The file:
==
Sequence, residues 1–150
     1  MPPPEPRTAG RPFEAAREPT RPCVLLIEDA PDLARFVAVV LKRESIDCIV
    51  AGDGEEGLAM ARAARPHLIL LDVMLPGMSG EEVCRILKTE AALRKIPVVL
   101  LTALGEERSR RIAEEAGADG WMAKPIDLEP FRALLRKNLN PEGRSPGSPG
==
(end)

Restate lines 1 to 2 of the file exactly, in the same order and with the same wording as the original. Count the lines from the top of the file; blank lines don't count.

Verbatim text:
Sequence, residues 1–150
     1  MPPPEPRTAG RPFEAAREPT RPCVLLIEDA PDLARFVAVV LKRESIDCIV